One evening in the fall of 2009, my son Zach, a sophomore at college, returned to our old Hollywood Hills home to study for his exams and share a spaghetti bolognese supper.
“I made it just the way you like it,” I told him, stirring a pot on our stove. He sniffed closely, as if in disbelief, then screwed up his long nose and confessed he wasn’t hungry.
“That’s not like you,” I said, and it really wasn’t. Nor was his sudden fixation on the old telephone wires in the laundry room, long abandoned in favor of our mobile phones.
“I think the house is bugged,” he suggested, “I might need to rewire the place.”
Zach was a scholar, not an electrician, so this stole my breath away, landing me in a strange, untrodden territory. He had been sensitive as a child, an animal lover, talking to his dog, Belle, and confessing that she spoke back to him. He was our own Doctor Doolittle; it was cute, special. This was something else, though, and it was creating panic in both of us.
“Have you taken drugs?” I asked, assessing his pupils. Now it was my turn to sniff—not at the pasta sauce, but at him. I was searching for marijuana. We had previously found containers in his car, full of strong-smelling clumps of green-yellow buds.
“I haven’t taken anything,” he promised. What then, I wondered, was causing this fear in his gaze? A look I hadn’t seen since those nights when, as a boy, he used to wake from nightmares. “It’s okay, Zigs, I’m here,” I used to reassure him whilst we checked together for monsters under his bed, or in his old Victorian closet. I repeated these words to him now as I steered him to his bedroom. Only this time, he was a tall boy-man, 19 years old, strong and tanned from a long summer of surfing. This time, my words felt hollow.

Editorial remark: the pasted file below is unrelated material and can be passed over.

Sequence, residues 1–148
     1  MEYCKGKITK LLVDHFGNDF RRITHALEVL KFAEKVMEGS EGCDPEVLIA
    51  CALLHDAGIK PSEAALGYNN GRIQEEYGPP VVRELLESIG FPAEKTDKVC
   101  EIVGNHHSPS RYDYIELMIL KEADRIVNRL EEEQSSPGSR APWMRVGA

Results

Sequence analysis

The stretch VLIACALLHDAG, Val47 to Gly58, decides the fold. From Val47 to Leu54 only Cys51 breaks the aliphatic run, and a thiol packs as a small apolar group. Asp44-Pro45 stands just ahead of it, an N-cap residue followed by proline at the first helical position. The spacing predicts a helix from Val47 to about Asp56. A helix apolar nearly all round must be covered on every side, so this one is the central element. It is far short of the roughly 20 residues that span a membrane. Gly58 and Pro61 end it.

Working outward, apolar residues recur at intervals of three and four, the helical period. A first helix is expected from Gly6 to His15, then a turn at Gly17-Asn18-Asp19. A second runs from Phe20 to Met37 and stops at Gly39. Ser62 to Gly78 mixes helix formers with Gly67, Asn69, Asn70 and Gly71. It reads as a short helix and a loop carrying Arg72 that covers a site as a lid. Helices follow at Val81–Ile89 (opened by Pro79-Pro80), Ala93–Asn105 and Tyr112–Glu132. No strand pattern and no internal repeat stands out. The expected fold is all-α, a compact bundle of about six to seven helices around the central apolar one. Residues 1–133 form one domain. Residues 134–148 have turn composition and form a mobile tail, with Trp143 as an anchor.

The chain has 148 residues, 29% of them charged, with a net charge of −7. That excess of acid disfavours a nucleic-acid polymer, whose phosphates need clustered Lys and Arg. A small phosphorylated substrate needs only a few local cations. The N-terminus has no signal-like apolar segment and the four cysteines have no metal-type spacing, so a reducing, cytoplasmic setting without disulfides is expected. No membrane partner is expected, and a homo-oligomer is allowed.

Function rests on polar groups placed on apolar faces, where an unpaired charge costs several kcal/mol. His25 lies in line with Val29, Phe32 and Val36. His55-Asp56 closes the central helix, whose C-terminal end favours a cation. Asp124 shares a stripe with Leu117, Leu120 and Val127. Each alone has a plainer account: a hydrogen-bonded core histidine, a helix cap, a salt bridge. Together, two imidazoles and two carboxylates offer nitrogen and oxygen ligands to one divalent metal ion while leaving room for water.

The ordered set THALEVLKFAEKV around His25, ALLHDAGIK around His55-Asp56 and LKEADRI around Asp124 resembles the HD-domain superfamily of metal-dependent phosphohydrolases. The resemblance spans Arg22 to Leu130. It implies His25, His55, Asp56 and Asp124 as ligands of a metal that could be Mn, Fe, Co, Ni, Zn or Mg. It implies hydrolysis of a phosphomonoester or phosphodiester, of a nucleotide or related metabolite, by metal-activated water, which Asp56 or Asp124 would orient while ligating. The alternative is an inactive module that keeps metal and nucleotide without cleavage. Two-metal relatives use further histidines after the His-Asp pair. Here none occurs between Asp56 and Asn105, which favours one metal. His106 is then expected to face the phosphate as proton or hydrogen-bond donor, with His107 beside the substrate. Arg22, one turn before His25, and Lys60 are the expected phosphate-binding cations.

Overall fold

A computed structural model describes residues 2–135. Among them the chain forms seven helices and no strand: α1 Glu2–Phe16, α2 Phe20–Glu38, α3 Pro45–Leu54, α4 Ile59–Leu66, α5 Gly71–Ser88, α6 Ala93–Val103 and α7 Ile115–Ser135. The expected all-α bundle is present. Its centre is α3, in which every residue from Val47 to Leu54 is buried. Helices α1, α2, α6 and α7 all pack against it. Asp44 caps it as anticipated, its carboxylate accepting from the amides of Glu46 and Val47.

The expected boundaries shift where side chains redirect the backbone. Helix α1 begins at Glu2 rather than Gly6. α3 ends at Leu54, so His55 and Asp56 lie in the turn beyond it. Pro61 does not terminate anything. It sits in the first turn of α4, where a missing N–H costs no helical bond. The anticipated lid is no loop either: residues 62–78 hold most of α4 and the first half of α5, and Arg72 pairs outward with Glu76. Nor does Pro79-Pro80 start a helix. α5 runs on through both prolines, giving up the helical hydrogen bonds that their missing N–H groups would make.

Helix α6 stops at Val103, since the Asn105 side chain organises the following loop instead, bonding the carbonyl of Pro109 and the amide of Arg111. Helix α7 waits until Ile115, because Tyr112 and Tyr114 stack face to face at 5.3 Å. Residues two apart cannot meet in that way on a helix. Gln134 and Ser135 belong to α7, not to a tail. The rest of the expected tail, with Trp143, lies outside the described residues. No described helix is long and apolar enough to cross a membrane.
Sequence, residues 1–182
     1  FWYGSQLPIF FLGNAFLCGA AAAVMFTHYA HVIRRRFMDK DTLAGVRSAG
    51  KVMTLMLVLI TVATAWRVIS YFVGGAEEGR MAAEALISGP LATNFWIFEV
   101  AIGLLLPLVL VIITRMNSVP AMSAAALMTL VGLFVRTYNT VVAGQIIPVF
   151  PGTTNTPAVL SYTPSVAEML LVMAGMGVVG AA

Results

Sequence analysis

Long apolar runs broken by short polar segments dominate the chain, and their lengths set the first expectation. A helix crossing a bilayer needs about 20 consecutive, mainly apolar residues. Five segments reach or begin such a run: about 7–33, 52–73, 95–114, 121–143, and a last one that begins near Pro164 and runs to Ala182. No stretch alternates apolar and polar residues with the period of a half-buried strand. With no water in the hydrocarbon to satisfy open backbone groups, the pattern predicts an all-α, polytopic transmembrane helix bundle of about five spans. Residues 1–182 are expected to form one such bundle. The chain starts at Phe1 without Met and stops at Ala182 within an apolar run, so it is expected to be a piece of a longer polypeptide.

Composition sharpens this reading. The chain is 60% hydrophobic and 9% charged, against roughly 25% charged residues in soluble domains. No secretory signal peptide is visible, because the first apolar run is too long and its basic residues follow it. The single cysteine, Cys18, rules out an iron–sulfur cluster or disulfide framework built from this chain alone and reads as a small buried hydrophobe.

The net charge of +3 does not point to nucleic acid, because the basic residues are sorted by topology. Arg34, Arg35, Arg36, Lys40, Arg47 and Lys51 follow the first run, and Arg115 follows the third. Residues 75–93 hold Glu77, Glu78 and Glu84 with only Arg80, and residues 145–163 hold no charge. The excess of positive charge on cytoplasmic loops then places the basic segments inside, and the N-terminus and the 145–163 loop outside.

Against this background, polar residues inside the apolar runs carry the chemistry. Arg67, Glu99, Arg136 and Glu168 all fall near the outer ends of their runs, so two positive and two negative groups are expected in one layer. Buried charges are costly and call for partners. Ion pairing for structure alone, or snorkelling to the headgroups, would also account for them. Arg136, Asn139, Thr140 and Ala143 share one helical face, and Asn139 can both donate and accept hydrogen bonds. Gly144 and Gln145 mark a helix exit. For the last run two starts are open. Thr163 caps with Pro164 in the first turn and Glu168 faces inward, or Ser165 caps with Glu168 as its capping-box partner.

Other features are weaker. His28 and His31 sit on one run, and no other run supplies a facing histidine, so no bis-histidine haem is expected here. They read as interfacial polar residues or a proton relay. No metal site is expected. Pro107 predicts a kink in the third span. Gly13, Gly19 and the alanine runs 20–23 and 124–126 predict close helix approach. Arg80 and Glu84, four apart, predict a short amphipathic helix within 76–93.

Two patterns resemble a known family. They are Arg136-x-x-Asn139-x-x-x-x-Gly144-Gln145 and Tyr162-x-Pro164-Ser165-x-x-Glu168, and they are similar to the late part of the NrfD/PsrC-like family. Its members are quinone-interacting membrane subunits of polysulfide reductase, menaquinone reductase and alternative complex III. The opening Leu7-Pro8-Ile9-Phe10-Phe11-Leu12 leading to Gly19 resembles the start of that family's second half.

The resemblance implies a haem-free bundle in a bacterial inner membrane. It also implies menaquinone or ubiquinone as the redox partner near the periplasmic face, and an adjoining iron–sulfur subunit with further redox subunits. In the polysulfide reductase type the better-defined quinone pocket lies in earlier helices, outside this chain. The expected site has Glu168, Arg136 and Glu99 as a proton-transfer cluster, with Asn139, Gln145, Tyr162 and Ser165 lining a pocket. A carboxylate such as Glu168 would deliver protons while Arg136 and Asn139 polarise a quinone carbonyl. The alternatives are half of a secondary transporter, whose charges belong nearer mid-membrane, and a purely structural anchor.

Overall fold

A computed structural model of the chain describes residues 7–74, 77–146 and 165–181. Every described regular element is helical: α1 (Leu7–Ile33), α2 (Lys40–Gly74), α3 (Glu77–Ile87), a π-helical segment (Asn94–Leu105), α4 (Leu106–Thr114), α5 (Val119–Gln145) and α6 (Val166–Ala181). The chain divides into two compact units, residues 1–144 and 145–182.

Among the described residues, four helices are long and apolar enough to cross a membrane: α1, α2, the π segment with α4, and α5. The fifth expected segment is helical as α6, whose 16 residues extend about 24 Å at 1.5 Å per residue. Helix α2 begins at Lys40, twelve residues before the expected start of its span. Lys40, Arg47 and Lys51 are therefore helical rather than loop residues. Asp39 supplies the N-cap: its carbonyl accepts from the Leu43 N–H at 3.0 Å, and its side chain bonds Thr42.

Our move to Los Angeles in 2002 had been hard for Zach. He was a shy scholar who struggled until he found his niche at a one-room schoolhouse in Santa Monica. There, he could be his geeky, bespectacled self. The school’s unique approach allowed him to revel in writing a vampire novel and studying black holes. As things finally settled into place for him, I put his previous months of anguish behind us.
But that night in 2009, Zach became convinced that our home was tapped, and that the whirring helicopters above the canyon were trained on us.
I insisted that we go to the hospital. As I drove, I prayed that we were on our way to getting help, to fixing him.
He was discharged after three days with the vague label of psychosis NOS (Not Otherwise Specified). Then later, he was variously classified with either schizoaffective disorder, schizophrenia, paranoid schizophrenia, or depression with psychotic symptoms.
Zach was prescribed antipsychotics that made him shaky and jittery. “I can’t sit still,” he told me. “It feels like there is something inside of me trying to get out.” After another drug was added to combat the effects of the first, Zach slumped into a kind of stupor.
Along with increasing distrust of everyone, this somnolence made his return to study impossible. He put a halt to his classes, although I know he would rather have stopped the drugs. He hated how they caused weight gain, muscle stiffness and blurred vision.
“Why don’t you try them?” he asked me one morning, turning the water glass around and holding it up to my mouth. It scared me when he did things like that, like the time I found a knife in his bag—which he told me he carried for protection—or when he took the stove apart in case the gas was toxic.